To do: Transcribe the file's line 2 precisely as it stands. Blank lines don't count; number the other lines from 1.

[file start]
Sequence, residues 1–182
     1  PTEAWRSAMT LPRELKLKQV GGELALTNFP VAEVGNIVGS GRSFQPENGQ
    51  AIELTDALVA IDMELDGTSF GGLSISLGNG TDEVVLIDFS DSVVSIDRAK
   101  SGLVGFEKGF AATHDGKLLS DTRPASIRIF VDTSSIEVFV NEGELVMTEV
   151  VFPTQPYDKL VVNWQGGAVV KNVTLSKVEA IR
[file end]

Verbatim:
     1  PTEAWRSAMT LPRELKLKQV GGELALTNFP VAEVGNIVGS GRSFQPENGQ